All that’s left is to update all the weights we have in the neural net. This follows the batch gradient descent formula:

W := W - alpha . J'(W)

Where W is the weight at hand, alpha is the learning rate (i.e. 0.1 in our example) and J’(W) is the partial derivative of the cost function J(W) with respect to W. Again, there’s no need for us to get into the math. Therefore, let’s use Mr. Andrew Ng’s partial derivative of the function:

J'(W) = Z . delta

Where Z is the Z value obtained through forward propagation, and delta is the loss at the unit on the other end of the weighted link:

adding the weighted link to a neural network model
Weighted links added to the neural network model. | Image: Anas Al-Masri

Now we use the batch gradient descent weight update on all the weights, utilizing our partial derivative values that we obtain at every step. It is worth emphasizing that the Z values of the input nodes (X0, X1, and X2) are equal to one, zero, zero, respectively. The one is the value of the bias unit, while the zeroes are actually the feature input values coming from the data set. There is no particular order to updating the weights. You can update them in any order you want, as long as you don’t make the mistake of updating any weight twice in the same iteration.

In order to calculate the new weights, let’s give the links in our neural nets names:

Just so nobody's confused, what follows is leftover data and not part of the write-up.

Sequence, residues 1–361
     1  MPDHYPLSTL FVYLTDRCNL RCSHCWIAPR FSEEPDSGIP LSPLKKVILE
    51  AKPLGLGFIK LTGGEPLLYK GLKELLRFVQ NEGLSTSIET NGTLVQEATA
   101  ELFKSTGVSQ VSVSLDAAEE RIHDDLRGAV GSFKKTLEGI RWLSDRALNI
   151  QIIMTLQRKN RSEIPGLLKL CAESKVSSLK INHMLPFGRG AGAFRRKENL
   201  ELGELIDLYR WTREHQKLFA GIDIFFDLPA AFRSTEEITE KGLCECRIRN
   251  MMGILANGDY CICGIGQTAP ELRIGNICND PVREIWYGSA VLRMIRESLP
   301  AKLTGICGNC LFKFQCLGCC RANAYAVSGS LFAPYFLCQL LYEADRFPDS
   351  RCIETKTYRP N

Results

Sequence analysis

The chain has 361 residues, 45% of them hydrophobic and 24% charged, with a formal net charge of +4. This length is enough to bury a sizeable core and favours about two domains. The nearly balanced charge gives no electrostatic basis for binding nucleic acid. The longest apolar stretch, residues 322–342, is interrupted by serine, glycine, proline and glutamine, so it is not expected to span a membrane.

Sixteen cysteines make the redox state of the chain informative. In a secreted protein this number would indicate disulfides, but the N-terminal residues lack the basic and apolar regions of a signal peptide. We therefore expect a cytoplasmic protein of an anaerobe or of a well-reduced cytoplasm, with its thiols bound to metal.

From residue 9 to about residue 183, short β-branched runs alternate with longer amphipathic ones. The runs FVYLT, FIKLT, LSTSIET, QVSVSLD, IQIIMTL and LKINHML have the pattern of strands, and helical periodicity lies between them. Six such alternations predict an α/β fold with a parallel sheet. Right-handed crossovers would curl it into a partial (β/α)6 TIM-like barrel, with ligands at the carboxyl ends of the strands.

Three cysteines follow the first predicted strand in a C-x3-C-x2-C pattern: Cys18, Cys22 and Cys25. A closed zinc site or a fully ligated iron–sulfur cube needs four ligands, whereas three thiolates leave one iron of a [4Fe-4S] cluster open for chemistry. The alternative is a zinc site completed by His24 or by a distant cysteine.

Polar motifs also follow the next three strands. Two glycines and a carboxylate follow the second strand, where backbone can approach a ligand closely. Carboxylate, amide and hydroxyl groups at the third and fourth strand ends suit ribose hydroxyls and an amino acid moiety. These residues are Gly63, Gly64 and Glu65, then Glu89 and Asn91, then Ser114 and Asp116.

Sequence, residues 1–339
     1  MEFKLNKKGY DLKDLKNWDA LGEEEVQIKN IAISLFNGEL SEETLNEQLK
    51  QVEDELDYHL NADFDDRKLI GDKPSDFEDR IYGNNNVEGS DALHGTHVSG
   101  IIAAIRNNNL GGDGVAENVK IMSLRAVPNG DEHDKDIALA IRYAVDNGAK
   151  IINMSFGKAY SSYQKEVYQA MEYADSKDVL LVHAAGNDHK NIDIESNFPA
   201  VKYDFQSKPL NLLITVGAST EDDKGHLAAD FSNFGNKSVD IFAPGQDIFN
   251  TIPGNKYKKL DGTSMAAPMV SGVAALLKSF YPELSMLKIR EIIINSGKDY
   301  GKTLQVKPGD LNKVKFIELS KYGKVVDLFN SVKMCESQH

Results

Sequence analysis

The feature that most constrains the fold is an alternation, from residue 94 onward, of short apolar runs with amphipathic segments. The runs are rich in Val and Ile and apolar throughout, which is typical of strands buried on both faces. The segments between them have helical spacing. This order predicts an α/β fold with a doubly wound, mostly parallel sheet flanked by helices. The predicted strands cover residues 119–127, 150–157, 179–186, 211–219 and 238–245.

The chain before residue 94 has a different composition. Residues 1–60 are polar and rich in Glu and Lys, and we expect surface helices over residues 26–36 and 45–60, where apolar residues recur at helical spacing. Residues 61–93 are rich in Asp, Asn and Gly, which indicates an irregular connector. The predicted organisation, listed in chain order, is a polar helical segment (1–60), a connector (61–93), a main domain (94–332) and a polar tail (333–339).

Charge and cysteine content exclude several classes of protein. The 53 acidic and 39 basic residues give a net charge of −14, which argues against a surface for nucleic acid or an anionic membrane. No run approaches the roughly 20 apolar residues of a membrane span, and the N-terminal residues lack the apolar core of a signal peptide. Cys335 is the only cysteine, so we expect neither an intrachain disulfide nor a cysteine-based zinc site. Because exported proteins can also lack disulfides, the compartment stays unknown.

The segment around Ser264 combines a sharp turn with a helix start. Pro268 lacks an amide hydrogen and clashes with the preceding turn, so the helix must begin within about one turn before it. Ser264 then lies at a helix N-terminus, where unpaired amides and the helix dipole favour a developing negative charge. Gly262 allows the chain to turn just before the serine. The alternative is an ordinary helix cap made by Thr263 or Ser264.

calculating new weights for a neural network model
Neural network model with updated link names to calculate the new weights. | Image: Anas Al-Masri

New weight calculations will happen as follows:

W10 := W10 - alpha . Z_X0 . delta_Z1
     =  1  -  0.1  .  1   .   (-4)   = 1.4
W20 := W20 - alpha . Z_X0 . delta_Z2
     =  1  -  0.1  .  1   .   (-4)   = 1.4
.       .      .      .        .
.       .      .      .        .
.       .      .      .        .
W30 := 1.4
W11 := 1.4
W21 := 1.4
W31 := 1.4
W12 := 1.4
W22 := 1.4
W32 := 1.4
V00 := V00 - alpha . Z_Z0 . delta_D0
     =  1  -  0.1  .  1   .   (-4)   = 1.4
V01 := 1.4
V02 := 1.4
V03 := 1.4

The model is not trained properly yet, as we only back-propagated through one sample from the training set. Doing everything all over again for all the samples will yield a model with better accuracy as we go, with the aim of getting closer to the minimum loss/cost at every step.

It might not make sense that all the weights have the same value again. However, training the model on different samples over and over again will result in nodes having different weights based on their contributions to the total loss.

The theory behind machine learning can be really difficult to grasp if it isn’t tackled the right way. One example of this would be backpropagation, whose effectiveness is visible in most real-world deep learning applications, but it’s never examined. Backpropagation is just a way of propagating the total loss back into the neural network to know how much of the loss every node is responsible for, and subsequently updating the weights in a way that minimizes the loss by giving the nodes with higher error rates lower weights, and vice versa.